89. A very thought provoking entry. I was involved in the organisation of a competition to meet Take That way back in 1982. Gary Barlow spoke to all the winners but spent most time with one whose Mother was in hospital – he was compassionate and supportive. I’m sure that’s not been the only time he’s done it. He now deserves compassion and support. What comes round, goes round.

  90. Well done Jason and very well done Gary. It never ceases to amaze and disgust me that we have these unbelievably nasty pieces of shit living amongst us. I wonder if it is purely jealousy. Gary Barlow is very talented and very successful, he appears to be a lovely person and well-loved by many people. He has a lovely wife and beautiful children and they seem to be very happy. He probably has a beautiful home and very few financial worries. I’m envious but not jealous!! The people that have made these comments have hate in their hearts and it’s probably nothing to do with Gary. It comes from within themselves. They’re bitter and twisted so they vent on someone who’s suffering because it diverts the anger away from their own miserable lives. They seem to simply hate the fact that someone like Gary Barlow is getting sympathy from millions of people for his heart breaking tragedy of losing a child. They resent the attention he’s receiving because they probably don’t get any attention. It’s quite right that we extend our sympathies to him? The majority of us are decent human beings and we feel genuinely sorry for Gary, Dawn and their family. These nasty people are NOT decent human beings and are without empathy. For their comments they should be ostracised, pitied, pointed at and put on an island away from decent human beings in case they infect us with their sickness of heart and mind – like the lepers!!

  91. Having gone through this, I would really like to thank you very very much for summing up very precisely how it feels..I have copied it to my husband {currently in Afghanistan} and he has simply replied ‘exactly’…

  92. This has genuinely moved me. As a young adult who wants kids later in life it upsets me that people can be that heartless. It nice to see someone like yourself standing up to these people and defending a man you have never met.

  93. I do not disagree with a word said in this article. I think it’s very strange that people feel the need to ‘weigh-up’ tragedy.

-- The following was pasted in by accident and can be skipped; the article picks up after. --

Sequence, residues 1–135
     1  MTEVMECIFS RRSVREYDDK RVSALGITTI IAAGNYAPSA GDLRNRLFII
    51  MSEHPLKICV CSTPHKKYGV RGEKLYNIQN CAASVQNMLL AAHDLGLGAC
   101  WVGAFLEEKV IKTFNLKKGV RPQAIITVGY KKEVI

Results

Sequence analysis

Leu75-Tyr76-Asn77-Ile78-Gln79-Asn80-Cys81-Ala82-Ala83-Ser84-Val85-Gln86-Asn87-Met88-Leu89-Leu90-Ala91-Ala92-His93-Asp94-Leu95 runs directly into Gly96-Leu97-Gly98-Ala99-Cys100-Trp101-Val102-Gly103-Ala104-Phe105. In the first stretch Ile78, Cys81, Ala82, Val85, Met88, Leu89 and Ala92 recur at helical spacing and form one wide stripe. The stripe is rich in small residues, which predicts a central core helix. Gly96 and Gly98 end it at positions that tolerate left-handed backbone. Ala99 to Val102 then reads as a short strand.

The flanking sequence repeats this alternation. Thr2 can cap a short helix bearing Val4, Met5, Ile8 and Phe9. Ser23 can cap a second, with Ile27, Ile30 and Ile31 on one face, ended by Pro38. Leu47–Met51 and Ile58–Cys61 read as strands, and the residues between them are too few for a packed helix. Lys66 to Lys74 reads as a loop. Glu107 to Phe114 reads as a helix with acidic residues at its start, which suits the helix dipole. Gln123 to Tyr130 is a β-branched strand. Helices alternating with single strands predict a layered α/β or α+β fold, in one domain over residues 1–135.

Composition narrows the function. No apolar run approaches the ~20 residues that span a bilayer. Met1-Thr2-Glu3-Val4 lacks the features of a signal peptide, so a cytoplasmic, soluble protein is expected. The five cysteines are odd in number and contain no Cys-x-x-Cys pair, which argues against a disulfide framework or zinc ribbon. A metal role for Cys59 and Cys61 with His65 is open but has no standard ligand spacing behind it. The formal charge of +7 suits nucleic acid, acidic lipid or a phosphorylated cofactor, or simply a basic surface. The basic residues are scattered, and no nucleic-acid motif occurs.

Essentially – props to what was said here.

    One thing which has baffled me a bit though, is the barrage of support for Barlow as a person. I may have missed something here… But, isn’t he a huge Tory donor and a tax evader? Please, please, please don’t imagine that I am stating for one second that this means what he did was any less brave or any less impressive.

    It’s just, the whole left-leaning glitterati in the entertainment world has come out proclaiming not only Barlow’s incredible bravery, but his charitable nature. I dunno. I guess this is sort of a completely different to point to whether he was right to play at the closing ceremony – which he was. That one act was brave and … awesome.

    It doesn’t make him on the side of good though. That’s what I’m saying. (and I’m scared to say it in case I’m classed as a troll, and I really don’t want to cause offence). It’s just bizarre to me that rather than just congratulating Barlow on being so freaking awesome – he’s now a national treasure.

    I guess I just expect my heroes to pay their taxes as well as face their tragedies with the class and tact Barlow did. I think I’ve made it clear enough right now that I have the utmost respect for Barlow in terms of his performance at the opening ceremony, but to clarify, I’m debating the idea that he’s a ‘thoroughly lovely chap’. That’s all.

    I already sort of regret these. Oh well – deep breath.

  94. This is such an emotive, beautiful article. I’m sitting at my desk with tears in my eyes, not just for Gary Barlow and his family, but for the people who lack basic human sensibility enough to think and write such disgusting things.
    Thank you for writing this, I hope people will just try to open their eyes and understand.

  95. Very true, sad but very true. The internet and social media have confused the ease to give your point of view with a desperation to give ANY point of view without thinking about what you are saying. Sadly you can almost say what you want with absolutely no consequences. This accurate observation of certain responses to an incident that we have very limited knowledge of is one of the reasons our society is struggling so much. Much of what is said in social media nowadays is inconsequential but then because we get the sense that this is the case, we cross the line and believe that we can say anything we like because ‘who will listen?’, but they do. The comments about Tom Daley failing his dead father because he failed to win a gold medal was ill thought out and the author needs to be identified so that they can feel the consequences of their vile outburst rather than suffer perhaps a mild humiliation within themselves once they realise that they wrote something stupid safe in the knowledge of their anonymity.